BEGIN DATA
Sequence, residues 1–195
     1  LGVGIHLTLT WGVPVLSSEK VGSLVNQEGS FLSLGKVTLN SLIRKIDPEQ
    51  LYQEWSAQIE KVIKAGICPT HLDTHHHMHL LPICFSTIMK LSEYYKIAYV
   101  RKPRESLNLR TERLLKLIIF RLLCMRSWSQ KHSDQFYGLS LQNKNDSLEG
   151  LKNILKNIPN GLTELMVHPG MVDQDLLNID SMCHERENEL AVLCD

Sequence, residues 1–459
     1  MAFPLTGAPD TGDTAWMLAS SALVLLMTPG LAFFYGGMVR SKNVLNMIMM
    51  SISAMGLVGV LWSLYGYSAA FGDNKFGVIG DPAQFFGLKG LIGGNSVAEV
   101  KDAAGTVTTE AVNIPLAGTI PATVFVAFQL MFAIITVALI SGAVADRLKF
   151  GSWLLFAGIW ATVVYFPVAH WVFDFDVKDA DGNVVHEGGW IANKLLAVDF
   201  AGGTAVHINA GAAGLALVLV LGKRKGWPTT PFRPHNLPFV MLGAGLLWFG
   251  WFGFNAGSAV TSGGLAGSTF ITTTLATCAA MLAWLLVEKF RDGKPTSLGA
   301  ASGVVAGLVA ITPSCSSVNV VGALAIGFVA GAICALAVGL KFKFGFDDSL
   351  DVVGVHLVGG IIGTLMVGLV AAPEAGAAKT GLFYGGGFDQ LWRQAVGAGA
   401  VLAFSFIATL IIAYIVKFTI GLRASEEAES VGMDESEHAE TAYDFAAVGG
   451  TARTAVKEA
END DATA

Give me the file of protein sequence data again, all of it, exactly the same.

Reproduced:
Sequence, residues 1–195
     1  LGVGIHLTLT WGVPVLSSEK VGSLVNQEGS FLSLGKVTLN SLIRKIDPEQ
    51  LYQEWSAQIE KVIKAGICPT HLDTHHHMHL LPICFSTIMK LSEYYKIAYV
   101  RKPRESLNLR TERLLKLIIF RLLCMRSWSQ KHSDQFYGLS LQNKNDSLEG
   151  LKNILKNIPN GLTELMVHPG MVDQDLLNID SMCHERENEL AVLCD

Sequence, residues 1–459
     1  MAFPLTGAPD TGDTAWMLAS SALVLLMTPG LAFFYGGMVR SKNVLNMIMM
    51  SISAMGLVGV LWSLYGYSAA FGDNKFGVIG DPAQFFGLKG LIGGNSVAEV
   101  KDAAGTVTTE AVNIPLAGTI PATVFVAFQL MFAIITVALI SGAVADRLKF
   151  GSWLLFAGIW ATVVYFPVAH WVFDFDVKDA DGNVVHEGGW IANKLLAVDF
   201  AGGTAVHINA GAAGLALVLV LGKRKGWPTT PFRPHNLPFV MLGAGLLWFG
   251  WFGFNAGSAV TSGGLAGSTF ITTTLATCAA MLAWLLVEKF RDGKPTSLGA
   301  ASGVVAGLVA ITPSCSSVNV VGALAIGFVA GAICALAVGL KFKFGFDDSL
   351  DVVGVHLVGG IIGTLMVGLV AAPEAGAAKT GLFYGGGFDQ LWRQAVGAGA
   401  VLAFSFIATL IIAYIVKFTI GLRASEEAES VGMDESEHAE TAYDFAAVGG
   451  TARTAVKEA